A wonderful adaptation of the circulatory system in the legs, called a counter-current heat exchanger, warms the cold venous blood returning from the foot while it cools the arterial blood flowing to that site.  The “exchanger” is actually a network (rete) of arterial blood vessels wrapped around a central vein, and the counterflow between the two sets of blood vessels allows a steep gradient of temperature to be created between the body core and the webbed foot.


With no heat exchange (left), the foot stays warm and loses heat to the ice. A warm web would also stick to the ice! With heat exchange (right), arterial blood going to the foot is gradually cooled by giving up its heat to the vein bringing blood back from the foot. Thus, with heat exchange, foot temperature is about the same temperature as the ice it is resting on. Voila! Less heat loss! [Figures from (Ask a Naturalist)]

This anatomical adaptation for reducing foot temperature has important implications for staying warm in cold weather.  Even with reduced blood flow to the legs, the bare areas of the foot and leg are potential sites of great heat loss in extreme cold weather.  So, the less leg and foot surface area exposed, the better.

Birds have perfected the one-legged stance of the yoga “tree pose” and adopt it frequently when temperatures dip, placing their center of mass directly over one leg and tucking exposed limbs into their plumage.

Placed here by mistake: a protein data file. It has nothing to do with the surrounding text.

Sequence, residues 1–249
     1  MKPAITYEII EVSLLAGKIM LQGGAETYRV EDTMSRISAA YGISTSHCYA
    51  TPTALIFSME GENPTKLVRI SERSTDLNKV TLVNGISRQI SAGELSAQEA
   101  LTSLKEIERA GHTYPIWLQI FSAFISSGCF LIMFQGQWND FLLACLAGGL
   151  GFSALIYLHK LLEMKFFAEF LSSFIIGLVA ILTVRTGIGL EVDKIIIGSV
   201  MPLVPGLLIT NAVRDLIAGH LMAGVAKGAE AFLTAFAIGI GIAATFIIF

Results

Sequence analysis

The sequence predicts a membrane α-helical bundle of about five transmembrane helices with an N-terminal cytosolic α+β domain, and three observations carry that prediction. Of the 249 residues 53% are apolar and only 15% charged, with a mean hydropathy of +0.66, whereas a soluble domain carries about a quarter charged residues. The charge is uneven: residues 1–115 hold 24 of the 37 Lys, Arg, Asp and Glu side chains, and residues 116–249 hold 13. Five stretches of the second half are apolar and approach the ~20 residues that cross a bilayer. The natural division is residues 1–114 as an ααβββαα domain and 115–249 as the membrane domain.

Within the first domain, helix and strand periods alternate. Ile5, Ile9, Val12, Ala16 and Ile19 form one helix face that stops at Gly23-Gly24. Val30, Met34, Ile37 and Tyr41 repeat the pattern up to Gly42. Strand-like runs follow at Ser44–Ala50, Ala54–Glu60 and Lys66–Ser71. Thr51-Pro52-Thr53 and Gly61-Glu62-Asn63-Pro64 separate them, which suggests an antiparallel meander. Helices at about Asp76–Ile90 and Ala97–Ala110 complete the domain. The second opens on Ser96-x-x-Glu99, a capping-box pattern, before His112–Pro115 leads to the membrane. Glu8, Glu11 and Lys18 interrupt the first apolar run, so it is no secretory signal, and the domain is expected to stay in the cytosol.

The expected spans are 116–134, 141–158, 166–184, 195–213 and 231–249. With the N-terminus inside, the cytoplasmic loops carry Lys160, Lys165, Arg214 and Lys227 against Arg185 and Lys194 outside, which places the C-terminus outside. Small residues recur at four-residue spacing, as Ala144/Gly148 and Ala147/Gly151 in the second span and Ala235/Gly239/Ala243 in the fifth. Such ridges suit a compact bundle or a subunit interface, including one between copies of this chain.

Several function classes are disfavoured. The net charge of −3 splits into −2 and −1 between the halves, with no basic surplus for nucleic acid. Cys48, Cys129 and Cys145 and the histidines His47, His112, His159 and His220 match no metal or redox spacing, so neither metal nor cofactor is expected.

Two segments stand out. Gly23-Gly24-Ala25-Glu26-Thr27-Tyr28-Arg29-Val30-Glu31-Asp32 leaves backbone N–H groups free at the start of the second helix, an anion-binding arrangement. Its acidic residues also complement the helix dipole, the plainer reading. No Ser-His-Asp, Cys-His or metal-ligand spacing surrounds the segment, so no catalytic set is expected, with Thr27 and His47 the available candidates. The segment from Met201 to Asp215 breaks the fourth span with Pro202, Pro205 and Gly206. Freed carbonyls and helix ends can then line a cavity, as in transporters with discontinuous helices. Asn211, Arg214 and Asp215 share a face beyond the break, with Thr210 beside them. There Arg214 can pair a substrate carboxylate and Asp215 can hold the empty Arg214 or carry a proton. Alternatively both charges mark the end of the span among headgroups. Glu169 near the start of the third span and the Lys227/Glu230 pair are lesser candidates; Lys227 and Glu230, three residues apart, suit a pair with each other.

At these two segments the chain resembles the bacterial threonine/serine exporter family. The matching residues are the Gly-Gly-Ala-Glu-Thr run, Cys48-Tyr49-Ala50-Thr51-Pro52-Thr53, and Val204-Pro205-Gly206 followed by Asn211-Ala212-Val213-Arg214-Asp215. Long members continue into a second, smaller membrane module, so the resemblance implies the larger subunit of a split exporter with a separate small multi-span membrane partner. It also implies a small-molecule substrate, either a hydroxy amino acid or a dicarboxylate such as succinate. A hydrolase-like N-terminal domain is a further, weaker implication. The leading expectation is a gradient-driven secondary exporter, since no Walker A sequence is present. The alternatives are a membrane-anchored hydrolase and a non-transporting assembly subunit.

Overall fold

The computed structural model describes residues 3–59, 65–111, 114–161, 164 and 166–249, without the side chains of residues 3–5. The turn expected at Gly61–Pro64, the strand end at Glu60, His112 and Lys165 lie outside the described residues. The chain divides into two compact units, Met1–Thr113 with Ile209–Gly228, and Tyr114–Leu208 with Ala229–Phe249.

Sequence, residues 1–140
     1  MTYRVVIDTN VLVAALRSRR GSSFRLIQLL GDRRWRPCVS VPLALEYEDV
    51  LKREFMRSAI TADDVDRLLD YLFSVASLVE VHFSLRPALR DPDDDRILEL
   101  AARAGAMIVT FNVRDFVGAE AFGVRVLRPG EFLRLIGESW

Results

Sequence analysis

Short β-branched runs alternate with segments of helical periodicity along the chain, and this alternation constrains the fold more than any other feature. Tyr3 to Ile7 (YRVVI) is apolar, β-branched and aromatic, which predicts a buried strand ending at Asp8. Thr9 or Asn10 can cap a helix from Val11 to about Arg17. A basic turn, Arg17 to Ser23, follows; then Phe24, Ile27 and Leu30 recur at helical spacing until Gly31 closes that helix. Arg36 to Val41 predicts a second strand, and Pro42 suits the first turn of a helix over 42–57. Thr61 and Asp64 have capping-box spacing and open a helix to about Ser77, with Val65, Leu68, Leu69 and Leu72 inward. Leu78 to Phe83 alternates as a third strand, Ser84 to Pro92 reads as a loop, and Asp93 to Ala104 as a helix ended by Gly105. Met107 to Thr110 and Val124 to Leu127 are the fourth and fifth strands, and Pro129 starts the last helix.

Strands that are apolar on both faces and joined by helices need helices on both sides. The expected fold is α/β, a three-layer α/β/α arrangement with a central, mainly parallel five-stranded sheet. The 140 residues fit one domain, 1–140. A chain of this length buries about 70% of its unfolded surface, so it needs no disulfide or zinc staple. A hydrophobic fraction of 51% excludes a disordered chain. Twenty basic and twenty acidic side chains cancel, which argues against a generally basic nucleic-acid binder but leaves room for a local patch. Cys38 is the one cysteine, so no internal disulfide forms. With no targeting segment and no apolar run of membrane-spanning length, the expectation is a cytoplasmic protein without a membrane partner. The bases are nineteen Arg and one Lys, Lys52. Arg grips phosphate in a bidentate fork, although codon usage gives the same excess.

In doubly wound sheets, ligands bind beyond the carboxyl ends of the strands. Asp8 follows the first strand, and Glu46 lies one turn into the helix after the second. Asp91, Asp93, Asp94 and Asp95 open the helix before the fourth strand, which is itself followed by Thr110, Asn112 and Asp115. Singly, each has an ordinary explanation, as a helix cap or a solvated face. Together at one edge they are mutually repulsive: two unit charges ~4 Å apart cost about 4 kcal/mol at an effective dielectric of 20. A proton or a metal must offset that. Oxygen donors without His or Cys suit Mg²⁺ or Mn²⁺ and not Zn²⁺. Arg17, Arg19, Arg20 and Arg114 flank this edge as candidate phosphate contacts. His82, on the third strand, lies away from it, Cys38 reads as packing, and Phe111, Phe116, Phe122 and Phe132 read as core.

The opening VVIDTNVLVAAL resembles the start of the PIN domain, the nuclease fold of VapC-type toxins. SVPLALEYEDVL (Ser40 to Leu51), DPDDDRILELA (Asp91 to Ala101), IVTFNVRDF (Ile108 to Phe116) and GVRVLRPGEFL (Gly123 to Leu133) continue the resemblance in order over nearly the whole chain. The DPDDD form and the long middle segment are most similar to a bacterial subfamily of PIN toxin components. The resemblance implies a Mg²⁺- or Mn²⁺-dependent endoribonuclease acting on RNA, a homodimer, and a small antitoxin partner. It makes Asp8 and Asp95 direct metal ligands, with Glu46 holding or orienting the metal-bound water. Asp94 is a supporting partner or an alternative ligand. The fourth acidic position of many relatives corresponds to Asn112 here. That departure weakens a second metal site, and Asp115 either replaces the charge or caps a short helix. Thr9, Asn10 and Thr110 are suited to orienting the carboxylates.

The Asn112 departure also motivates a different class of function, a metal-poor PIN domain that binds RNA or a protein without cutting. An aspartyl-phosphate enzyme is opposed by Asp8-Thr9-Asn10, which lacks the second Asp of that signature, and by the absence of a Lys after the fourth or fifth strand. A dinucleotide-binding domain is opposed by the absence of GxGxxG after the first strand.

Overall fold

trumpeter swans resting on one leg

Trumpeter Swans maintain perfect balance, with their head tucked under a wing for additional protection from heat loss.

ring-billed gull eating fish

On first glance, you might think this was simply an unfortunate, one-legged Ring-billed Gull, But the “tree pose” is used in all activities — whether resting or eating.


At rest, long-legged herons and egrets often tuck one leg up into their belly plumage to reduce heat loss while standing in cold water.  Even shorter-legged Black-crowned Night Herons take advantage of this behavioral strategy.

red-shouldered hawk retracted leg

A Broad-winged Hawk sat on a cold steel pole in my backyard one fall morning, and fluffed its belly feathers over its legs as it perched on just one foot (right photo).  A few minutes later, when the sun had reached that spot, the bird let the sun do a little warming of its bare legs and feet (left).

Would the one-legged, yoga tree pose work for us, while we wait at a cold bus stop?


Humans posing like trees.
It’s unlikely this would promote heat conservation for humans in cold weather, though.


In the spotlight

Sitting in the sun to digest its mouse meal, this Red-shouldered Hawk is a stark contrast against the dark forest background.

Sitting in the sun to digest its mouse meal, this Red-shouldered Hawk is a stark contrast against the dark forest background.

I saw this Red-shouldered Hawk fly up to the perch (top of the swing set in the backyard) after catching something small on the ground.  The bird quickly devoured whatever it was with its back to me, and then turned around to bask in the sunlight just hitting the edge of the forest.